## Data Types
* `list`'s are heterogeneous (elements can have different types)
* `data.frame`'s are heterogeneous but elements have same length (`dim` reports the dimensions and `colnames` shows the column names)
* `vector`'s and `matrix`'s are homogeneous (elements have the same type), which would be why `c(1, "2")` ends up being a character string.
* `function`'s can be written to save repeating code again and again
* Try to understand these commands: `class`, `typeof`, `is.numeric`, `is.vector` and `length`
* See Hadley Wickham's online chapters on [data structures (http://adv-r.had.co.nz/Data-structures.html)](http://adv-r.had.co.nz/Data-structures.html) for more
## Operations
* Use built-in _vectorized_ functions to avoid loops
```{r}
set.seed(1000)
x <- rnorm(6)
x
sum(x + 10)
```
##
* Use `[` to extract elements of a vector.
```{r}
x[1]
x[c(T, F, T, T, F, F)]
```
##
* Extract _named_ elements with `$`, `[[`, and/or `[`
```{r}
x <- list(
a = 10,
b = c(1, "2")
)
x$a
x[["a"]]
x["a"]
```
## Examining 'structure'
* `str()` is a very useful `R` function. It shows you the "structure" of (almost) _any_ R object (and _everything_ in R is an object!!!)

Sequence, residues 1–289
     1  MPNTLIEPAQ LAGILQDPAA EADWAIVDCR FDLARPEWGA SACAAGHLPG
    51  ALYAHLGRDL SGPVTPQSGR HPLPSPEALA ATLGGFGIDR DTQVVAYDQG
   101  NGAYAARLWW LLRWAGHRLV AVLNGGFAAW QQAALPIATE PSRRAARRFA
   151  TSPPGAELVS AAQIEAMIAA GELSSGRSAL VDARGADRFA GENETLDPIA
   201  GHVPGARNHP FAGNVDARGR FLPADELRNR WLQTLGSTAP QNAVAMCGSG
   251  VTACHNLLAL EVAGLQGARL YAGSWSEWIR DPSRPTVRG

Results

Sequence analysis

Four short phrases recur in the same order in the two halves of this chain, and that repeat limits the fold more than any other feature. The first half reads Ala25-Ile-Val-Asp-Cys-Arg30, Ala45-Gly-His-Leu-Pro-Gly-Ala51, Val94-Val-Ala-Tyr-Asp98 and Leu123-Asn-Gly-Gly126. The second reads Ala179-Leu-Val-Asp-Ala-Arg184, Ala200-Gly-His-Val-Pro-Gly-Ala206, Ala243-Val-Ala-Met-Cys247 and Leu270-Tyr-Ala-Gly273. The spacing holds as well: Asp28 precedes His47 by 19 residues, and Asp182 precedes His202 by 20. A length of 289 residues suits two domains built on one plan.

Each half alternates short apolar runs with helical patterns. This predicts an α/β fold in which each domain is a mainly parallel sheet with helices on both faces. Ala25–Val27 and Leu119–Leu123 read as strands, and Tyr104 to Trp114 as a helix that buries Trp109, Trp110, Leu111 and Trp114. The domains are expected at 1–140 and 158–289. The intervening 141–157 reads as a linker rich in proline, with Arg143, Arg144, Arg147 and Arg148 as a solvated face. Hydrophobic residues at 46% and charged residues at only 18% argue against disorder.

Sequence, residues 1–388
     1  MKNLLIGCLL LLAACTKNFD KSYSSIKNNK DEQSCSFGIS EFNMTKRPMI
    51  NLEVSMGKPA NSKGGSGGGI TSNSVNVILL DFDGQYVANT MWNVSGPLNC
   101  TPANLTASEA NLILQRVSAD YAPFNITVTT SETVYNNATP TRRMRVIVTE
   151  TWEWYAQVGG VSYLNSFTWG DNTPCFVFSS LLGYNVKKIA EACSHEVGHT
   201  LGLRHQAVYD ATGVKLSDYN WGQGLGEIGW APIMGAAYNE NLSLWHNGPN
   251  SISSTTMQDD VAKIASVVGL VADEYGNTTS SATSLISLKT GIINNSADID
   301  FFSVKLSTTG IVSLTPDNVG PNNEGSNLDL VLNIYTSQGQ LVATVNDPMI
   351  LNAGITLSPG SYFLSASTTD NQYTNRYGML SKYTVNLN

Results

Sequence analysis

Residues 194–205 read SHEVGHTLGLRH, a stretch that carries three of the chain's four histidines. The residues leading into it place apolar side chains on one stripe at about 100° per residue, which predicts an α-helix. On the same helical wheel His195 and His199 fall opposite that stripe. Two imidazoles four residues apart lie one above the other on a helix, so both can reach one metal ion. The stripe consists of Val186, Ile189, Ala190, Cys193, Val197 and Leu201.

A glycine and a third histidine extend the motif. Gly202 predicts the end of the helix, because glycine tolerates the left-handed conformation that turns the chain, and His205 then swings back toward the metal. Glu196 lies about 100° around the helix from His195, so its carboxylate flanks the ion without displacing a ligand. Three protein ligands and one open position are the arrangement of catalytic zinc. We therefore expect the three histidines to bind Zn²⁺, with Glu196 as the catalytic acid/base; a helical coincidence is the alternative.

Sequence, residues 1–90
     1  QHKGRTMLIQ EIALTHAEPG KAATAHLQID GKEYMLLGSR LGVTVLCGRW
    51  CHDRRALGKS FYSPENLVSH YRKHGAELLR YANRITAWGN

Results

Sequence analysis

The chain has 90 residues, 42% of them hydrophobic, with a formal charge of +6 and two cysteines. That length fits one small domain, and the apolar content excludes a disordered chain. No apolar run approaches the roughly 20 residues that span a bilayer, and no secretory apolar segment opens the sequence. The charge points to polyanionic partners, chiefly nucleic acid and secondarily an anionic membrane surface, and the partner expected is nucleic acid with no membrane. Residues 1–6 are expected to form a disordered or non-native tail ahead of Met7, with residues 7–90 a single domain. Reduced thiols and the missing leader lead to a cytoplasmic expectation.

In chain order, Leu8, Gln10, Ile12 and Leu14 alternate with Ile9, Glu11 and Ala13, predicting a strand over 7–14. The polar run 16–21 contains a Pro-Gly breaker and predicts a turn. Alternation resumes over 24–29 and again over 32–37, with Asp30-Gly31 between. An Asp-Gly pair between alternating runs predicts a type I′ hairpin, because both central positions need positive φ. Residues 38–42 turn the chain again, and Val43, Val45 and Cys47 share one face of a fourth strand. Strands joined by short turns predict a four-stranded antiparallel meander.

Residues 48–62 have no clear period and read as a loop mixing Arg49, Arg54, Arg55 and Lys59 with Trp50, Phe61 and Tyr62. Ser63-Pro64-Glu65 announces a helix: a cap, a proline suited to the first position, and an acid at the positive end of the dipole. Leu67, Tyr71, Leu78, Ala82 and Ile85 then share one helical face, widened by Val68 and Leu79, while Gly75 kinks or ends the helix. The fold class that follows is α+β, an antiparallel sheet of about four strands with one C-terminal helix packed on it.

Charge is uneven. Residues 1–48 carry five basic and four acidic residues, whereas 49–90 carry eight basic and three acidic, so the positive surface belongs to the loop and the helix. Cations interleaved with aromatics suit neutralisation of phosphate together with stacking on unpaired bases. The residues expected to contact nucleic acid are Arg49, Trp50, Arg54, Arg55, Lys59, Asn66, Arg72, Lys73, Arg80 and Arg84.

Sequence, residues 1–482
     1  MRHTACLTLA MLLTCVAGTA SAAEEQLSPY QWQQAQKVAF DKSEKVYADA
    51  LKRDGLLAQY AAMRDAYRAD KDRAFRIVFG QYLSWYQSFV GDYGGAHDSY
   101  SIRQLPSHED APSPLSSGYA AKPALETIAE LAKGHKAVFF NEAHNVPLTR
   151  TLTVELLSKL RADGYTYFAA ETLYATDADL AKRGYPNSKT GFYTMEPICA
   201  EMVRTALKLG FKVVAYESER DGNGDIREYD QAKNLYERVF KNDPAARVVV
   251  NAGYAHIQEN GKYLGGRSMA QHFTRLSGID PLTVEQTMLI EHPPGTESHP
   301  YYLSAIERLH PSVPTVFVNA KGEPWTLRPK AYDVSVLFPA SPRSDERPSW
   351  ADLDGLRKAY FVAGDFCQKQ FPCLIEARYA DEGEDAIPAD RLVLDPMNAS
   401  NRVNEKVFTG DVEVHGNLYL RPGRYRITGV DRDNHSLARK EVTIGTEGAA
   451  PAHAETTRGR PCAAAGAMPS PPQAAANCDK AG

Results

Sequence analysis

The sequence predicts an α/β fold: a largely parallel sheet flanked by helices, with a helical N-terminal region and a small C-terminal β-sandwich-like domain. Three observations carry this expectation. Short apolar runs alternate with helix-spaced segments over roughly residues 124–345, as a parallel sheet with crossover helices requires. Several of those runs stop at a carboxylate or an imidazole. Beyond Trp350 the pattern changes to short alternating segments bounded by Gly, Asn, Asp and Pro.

```{r}
str(x)
```
## Missing Values
* `NA` is the indicator of a missing value in R
* Most functions have options for handling missings
```{r}
x <- c(50, 12, NA, 20)
mean(x)
mean(x, na.rm=TRUE)
```
## Counting Categories
* the `table` function can be used to tabulate numbers
```{r}
table(c(1, 2, 3, 1, 2, 8, 1, 4, 2))
```
## Functions
One of the powerful aspects of R is to build on the reproducibility. If you are going to do the same analysis over and over again, compile these operations into a function that you can then apply to different data sets.
```{r}
average <- function(x)
{
return(sum(x)/length(x))
}
y1 <- c(1,2,3,4,5,6)
average(y1)
y2 <- c(1, 9, 4, 4, 0, 1, 15)
average(y2)
```
Now write a function to compute the mode of some vector, and confirm that it returns `4` when applied on `y <- c(1, 1, 2, 4, 4, 4, 9, 4, 4, 8)`
## Exercise 4
- What's an R `package`?
- How do you install a package?
- How does the `library()` function relates to a `package`?
- How often do you load a `package`?
- Install and load the package `ISLR`
## Getting data
Data can be found in R packages
```{r}
library(tidyverse)
data(economics, package = "ggplot2")
# data frames are essentially a list of vectors
glimpse(economics)
```
These are not usually kept up to date but are good for practicing your analysis skills on.
Or in their own packages
```{r}
library(gapminder)
glimpse(gapminder)
```